Complete Blood Count is a test that measures the cells in your blood. 
What is Complete Blood Count?
Complete Blood Count is a test that examines the cells that travel in blood. Blood consists of three types of cells suspended in a fluid known as plasma: white blood cells (WBCs), red blood cells (RBCs), and platelets (PLTs). 
Why is Complete Blood Count suggested?
Complete Blood Count is suggested to examine various disease and conditions as follows:
- Bleeding disorder.
Complete Blood Count is also done at regular intervals to scrutinize treatment or when the patient is receiving treatment known to affect blood cells.
How is Complete Blood Count performed?
In case of Complete Blood Count, a blood sample is drawn from the vein in arm.
What are the parameters measured in the Complete Blood Count?
WBC’s: The normal range is 4,500 to 10,000 cells per microliter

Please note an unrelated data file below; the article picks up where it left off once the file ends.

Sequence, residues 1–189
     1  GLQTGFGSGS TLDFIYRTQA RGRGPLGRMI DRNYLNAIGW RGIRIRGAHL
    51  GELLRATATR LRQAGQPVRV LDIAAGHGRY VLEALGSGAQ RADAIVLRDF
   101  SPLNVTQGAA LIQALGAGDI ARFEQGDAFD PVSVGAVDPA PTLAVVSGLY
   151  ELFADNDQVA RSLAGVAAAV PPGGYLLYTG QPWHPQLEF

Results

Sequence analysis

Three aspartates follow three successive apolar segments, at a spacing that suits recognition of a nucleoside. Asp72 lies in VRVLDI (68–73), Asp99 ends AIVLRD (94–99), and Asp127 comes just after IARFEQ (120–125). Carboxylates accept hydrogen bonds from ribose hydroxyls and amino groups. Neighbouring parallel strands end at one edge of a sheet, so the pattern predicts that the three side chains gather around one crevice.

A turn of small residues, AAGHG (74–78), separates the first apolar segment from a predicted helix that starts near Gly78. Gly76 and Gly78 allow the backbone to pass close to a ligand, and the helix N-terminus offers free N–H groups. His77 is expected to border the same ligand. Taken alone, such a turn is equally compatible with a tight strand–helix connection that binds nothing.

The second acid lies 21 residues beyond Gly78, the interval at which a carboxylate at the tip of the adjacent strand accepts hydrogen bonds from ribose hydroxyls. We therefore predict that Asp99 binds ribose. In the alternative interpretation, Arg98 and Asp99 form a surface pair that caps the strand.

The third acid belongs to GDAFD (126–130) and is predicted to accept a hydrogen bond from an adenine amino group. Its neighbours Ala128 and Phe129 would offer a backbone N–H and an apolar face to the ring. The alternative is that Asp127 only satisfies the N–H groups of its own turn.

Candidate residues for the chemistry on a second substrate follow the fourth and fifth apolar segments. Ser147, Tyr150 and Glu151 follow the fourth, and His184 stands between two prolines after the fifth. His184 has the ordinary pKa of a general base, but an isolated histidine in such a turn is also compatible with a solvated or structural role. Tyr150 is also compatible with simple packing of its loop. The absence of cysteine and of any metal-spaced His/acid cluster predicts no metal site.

RBC’s: The normal range for men is 4.5 million to 5.9 million cells/mcL; for women, it’s 4.1 million to 5.1 million cells/mcL.
Hemoglobin: The normal range for men is 14 to 17.5 grams per deciliter (gm/dL); for women it’s 12.3 to 15.3 gm/dL
Platelets: The normal range is 150,000 to 450,000 platelets/mcL.
MCV: A normal-range MCV score is 80 to 96.
Hematocrit: The normal range for men is between 41.5% and 50.4%. For women, the range is between 36.9% and 44.6%
Preparation before performing Complete Blood Count
There is no special preparation needed prior to Complete Blood Count.
Post-care after Complete Blood Count
Complete Blood Count is a simple procedure. No special care is required post the sample for testing has been given. A bandage may be required as blood is drawn.
Sample types in Complete Blood Count
A blood sample is taken in the Complete Blood Count.
Side effects/risks of Complete Blood Count
There are no risks associated with Complete Blood Count.